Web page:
Mooreville intersection becoming popular donation spot

By Danza Johnson/NEMS Daily Journal

MOOREVILLE – When you pull up to the four-way stop at the intersection of Highways 378 and 178 in Mooreville, you may be asked to reach for your wallet.
The busy intersection has become a popular spot for people soliciting monetary donations for all sorts of causes, a lot of them legitimate, but some possibly not. That’s why Richmond Volunteer Fire Chief Joe Banik says something has to be done about it.
“I have no problem with schools, civic groups, fire departments and other organizations that use the money for good causes to set up out there sometimes,” said Banik. “But it’s ridiculous. There is someone at that intersection every week holding a bucket taking up money and that hurts the organizations that really need it.”
Banik said his firefighters set up about twice a year to take donations for the small volunteer fire department. He said the best course of action would be for the Lee County Board of Supervisors to pass an ordinance requiring people or groups to have a permit to solicit donations at the intersection.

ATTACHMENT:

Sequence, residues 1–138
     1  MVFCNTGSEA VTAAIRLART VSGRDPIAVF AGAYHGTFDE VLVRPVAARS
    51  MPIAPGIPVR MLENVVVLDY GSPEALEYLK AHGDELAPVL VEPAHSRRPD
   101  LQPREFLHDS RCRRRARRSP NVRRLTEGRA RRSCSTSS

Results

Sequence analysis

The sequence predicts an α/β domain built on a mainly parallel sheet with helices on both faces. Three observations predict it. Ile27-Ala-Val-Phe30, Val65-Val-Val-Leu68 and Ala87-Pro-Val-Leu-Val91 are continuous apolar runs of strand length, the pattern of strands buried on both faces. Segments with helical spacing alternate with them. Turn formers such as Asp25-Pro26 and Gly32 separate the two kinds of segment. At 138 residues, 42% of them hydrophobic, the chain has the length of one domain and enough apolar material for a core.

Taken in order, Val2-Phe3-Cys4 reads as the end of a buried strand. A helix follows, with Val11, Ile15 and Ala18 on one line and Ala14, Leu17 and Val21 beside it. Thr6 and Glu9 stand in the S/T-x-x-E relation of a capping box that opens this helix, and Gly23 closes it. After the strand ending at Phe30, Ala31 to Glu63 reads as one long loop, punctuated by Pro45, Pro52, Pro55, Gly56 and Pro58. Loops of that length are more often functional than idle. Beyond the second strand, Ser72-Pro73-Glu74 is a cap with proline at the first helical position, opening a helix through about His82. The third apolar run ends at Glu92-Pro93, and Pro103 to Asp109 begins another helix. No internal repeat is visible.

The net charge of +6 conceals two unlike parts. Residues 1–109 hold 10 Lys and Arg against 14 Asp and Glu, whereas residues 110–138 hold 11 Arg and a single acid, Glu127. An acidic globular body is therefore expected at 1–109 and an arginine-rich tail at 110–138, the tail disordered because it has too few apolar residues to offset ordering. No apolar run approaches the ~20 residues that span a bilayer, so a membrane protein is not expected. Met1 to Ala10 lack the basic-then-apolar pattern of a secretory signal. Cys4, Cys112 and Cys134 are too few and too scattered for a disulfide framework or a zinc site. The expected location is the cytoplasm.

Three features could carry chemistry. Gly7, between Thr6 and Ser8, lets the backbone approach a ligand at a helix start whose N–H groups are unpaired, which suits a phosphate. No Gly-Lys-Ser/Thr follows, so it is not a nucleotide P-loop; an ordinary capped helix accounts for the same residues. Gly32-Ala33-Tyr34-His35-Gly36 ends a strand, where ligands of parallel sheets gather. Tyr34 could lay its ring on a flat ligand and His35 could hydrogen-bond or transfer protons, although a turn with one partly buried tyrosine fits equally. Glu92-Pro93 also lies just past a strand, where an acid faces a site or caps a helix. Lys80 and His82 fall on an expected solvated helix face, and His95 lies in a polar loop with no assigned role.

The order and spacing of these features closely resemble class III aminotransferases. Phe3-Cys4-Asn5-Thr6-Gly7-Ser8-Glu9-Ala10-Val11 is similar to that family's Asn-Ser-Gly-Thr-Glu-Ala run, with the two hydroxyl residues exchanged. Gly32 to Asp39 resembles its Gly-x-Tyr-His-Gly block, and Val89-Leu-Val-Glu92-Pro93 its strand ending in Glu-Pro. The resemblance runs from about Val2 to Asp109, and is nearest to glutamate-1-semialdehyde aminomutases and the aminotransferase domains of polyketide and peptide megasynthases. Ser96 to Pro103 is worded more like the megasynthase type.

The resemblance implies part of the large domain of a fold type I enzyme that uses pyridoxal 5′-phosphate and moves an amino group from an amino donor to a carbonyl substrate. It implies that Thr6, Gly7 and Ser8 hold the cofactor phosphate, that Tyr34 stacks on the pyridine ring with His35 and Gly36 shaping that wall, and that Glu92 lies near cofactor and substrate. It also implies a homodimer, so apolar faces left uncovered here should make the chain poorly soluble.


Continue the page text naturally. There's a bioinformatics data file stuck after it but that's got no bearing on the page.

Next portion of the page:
Lee County Sheriff Jim Johnson said he’s had countless complaints over the past few years about people asking for donations at the intersection.
“I’ve had so many complaints that I went to the board and asked for them to draw up an ordinance requiring permits to set up there,” said Johnson. “It’s gotten to the point where people hate going through there because they know someone will be there asking for money, and without an ordinance, my hands are tied as to what I can actually do to stop it.”
The intersection is in District 5 where Joe McKinney is the supervisor. McKinney said he has also received complaints about people taking up donations at the Mooreville intersection as well as others throughout the county. He said the board will address the issue, but he did not say what they planned to do.
Johnson said a solution needs to be found quickly.
“Right now it’s just a legal way to extort money from people,” he said. “People have to drive through there and they don’t know if the person holding the bucket and sign are telling the truth or not. We have to do something to protect people from being taken advantage of.”
Contact Danza Johnson at (662) 678-1583 or danza.johnson@djournal.com.